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Math Help - Null Sets and uniform convergence

  1. #1
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    Null Sets and uniform convergence

    Prove that if a sequence of continous functions uniformly converges on [a,b] then the union of their graphs is a null set.
    In other words:
    Prove that if the sequence f_n:[a,b] \to R converges uniformly on [a,b] then the set : A=(x,f_n) | x \in [a,b],n \in N is a null set...


    I know the function f is continous (  f_n \to f ) and that the graph of the function f and of each  f_n if a null set....
    Can't figure out how to prove what I need to prove


    Thanks in advance
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  2. #2
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    Quote Originally Posted by WannaBe View Post
    Prove that if a sequence of continous functions uniformly converges on [a,b] then the union of their graphs is a null set.
    In other words:
    Prove that if the sequence f_n:[a,b] \to R converges uniformly on [a,b] then the set : A=(x,f_n) | x \in [a,b],n \in N is a null set...


    I know the function f is continous (  f_n \to f ) and that the graph of the function f and of each  f_n if a null set....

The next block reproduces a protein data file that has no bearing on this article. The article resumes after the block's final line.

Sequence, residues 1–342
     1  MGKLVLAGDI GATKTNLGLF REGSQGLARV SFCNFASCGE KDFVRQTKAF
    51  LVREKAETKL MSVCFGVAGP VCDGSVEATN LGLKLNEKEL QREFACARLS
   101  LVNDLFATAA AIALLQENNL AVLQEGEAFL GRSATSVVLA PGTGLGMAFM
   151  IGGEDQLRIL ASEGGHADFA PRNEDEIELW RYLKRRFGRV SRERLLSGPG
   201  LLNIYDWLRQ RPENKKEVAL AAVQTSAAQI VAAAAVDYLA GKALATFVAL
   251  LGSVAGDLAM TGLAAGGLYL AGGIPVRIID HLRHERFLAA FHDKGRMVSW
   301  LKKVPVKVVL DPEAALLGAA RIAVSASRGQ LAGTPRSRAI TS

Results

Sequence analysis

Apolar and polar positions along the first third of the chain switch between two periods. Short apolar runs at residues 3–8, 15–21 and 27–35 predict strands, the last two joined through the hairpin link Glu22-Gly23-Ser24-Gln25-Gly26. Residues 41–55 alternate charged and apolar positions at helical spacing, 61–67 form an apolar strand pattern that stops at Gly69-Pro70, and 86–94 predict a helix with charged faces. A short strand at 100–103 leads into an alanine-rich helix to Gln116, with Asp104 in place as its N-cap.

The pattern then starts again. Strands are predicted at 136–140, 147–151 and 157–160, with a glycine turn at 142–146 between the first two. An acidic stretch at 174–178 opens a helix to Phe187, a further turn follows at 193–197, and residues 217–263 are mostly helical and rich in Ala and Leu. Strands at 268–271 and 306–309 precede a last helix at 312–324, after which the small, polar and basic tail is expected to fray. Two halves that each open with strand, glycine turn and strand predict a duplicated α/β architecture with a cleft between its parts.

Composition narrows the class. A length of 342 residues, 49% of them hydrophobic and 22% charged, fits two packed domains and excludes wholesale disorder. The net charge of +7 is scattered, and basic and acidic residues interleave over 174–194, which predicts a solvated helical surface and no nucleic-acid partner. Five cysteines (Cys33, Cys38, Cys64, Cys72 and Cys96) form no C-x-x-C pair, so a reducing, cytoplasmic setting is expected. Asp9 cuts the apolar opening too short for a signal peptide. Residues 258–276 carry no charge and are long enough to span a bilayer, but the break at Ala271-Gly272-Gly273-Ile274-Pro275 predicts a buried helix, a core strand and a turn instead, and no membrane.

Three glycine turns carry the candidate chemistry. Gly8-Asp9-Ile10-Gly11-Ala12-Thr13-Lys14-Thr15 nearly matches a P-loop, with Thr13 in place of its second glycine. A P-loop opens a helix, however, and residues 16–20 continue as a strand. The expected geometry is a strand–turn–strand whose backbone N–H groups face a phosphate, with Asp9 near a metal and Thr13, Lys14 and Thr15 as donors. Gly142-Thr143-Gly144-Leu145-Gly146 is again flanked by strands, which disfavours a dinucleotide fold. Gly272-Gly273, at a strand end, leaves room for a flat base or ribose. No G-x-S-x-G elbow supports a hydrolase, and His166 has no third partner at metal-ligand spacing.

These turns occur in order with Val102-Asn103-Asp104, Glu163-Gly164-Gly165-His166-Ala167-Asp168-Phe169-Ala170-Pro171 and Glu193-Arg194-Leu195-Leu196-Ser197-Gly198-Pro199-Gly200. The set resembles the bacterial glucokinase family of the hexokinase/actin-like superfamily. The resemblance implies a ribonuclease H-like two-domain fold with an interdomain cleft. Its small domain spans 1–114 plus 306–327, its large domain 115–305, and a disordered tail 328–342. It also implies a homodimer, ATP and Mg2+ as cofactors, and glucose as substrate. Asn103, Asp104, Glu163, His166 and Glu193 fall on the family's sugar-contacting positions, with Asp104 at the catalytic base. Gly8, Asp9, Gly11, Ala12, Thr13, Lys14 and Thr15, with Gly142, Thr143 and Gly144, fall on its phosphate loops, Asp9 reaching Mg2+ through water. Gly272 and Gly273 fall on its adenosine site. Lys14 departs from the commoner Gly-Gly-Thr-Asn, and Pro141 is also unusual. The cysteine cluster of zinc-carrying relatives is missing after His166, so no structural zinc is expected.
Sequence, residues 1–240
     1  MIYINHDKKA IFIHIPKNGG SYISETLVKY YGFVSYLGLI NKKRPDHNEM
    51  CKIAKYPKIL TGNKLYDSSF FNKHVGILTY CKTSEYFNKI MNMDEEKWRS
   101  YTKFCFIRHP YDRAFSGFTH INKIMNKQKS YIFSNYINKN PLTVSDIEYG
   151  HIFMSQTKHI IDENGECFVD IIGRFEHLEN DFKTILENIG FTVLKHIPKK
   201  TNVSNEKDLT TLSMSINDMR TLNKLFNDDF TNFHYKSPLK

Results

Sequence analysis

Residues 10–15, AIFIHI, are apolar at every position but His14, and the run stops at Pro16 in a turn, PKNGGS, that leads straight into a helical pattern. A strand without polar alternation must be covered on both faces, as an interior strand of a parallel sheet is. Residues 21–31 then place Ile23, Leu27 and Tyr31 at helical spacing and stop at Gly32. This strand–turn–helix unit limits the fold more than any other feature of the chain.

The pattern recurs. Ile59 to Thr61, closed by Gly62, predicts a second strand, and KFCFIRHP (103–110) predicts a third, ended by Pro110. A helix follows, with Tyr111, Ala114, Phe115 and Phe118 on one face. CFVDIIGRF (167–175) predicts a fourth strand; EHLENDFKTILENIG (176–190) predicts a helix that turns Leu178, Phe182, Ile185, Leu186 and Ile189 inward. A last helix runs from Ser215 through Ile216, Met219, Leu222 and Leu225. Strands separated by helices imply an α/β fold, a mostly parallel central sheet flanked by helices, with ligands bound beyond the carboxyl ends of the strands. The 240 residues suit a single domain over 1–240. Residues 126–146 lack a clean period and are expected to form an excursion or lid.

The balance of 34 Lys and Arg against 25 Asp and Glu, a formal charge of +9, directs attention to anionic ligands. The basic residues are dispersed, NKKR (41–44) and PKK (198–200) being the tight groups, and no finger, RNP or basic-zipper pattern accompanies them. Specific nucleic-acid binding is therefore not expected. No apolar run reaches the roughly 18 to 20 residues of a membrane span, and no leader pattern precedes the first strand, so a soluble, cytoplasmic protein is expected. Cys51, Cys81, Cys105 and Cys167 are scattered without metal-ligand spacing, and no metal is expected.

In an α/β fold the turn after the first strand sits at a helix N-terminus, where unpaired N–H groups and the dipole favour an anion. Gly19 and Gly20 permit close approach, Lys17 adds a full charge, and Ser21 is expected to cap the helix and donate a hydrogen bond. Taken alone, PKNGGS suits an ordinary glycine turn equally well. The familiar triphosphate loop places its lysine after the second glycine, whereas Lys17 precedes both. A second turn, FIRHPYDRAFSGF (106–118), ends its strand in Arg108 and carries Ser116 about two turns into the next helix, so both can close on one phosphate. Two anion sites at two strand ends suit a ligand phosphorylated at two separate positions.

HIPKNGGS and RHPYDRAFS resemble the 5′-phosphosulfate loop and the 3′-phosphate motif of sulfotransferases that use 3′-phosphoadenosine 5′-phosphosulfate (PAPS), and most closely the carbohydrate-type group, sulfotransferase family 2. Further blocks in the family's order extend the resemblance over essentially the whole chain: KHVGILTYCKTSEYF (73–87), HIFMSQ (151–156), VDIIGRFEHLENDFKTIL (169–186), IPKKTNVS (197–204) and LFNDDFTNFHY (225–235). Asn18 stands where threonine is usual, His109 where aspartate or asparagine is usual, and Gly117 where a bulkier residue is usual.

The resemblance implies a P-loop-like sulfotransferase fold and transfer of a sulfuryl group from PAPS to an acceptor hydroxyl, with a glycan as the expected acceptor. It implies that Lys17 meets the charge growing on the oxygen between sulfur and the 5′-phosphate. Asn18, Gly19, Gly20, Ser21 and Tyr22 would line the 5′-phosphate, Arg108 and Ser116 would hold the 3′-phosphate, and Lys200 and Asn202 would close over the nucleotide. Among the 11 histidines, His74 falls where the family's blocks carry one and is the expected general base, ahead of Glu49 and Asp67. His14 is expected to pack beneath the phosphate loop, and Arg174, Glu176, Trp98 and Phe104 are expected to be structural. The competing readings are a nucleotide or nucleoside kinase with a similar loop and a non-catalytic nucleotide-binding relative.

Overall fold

Can't figure out how to prove what I need to prove


    Thanks in advance
    Try a proof by contradiction.

    P\rightarrow Q\equiv P\wedge ~ Q
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  3. #3
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    ...

    Quote Originally Posted by dwsmith View Post
    Try a proof by contradiction.

    P\rightarrow Q\equiv P\wedge ~ Q
    If the set A isn't a null set, then there is an \epsilon >0 such as there is no finite amount of rectangles that cover the set A and their sum is less than \epsilon .
    In other words, we assume by contradiction that there is an \epsilon >0 such as every finite amount of rectangles that cover the set A- their sum is  \geq \epsilon ...

    I've no idea how I can continue from this point... It seems to be very difficult to continue from this point...

    Hope you'll be able to help me

    Thanks !
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